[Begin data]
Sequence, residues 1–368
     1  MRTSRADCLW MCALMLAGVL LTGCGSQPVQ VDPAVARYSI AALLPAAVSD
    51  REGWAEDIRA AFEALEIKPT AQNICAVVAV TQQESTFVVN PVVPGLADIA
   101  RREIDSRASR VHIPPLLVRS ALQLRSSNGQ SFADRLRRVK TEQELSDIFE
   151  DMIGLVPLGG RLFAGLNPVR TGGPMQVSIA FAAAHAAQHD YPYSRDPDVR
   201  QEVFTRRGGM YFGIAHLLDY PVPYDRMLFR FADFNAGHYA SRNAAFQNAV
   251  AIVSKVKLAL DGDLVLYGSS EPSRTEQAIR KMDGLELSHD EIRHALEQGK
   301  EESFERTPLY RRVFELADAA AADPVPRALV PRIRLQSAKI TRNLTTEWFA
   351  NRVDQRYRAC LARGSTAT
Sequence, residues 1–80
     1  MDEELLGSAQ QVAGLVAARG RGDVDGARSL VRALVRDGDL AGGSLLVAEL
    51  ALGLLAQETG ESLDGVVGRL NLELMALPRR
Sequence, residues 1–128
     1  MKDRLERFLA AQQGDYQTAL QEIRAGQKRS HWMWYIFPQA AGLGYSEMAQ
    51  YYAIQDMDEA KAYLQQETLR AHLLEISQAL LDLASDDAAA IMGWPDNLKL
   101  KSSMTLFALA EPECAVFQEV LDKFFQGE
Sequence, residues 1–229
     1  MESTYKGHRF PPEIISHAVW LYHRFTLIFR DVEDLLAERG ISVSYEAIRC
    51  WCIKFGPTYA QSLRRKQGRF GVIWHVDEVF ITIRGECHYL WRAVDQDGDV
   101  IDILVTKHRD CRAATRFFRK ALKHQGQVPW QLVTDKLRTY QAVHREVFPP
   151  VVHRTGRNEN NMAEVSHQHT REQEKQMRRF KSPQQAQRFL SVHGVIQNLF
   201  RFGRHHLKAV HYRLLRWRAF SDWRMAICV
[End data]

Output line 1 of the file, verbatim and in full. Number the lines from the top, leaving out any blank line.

Sequence, residues 1–368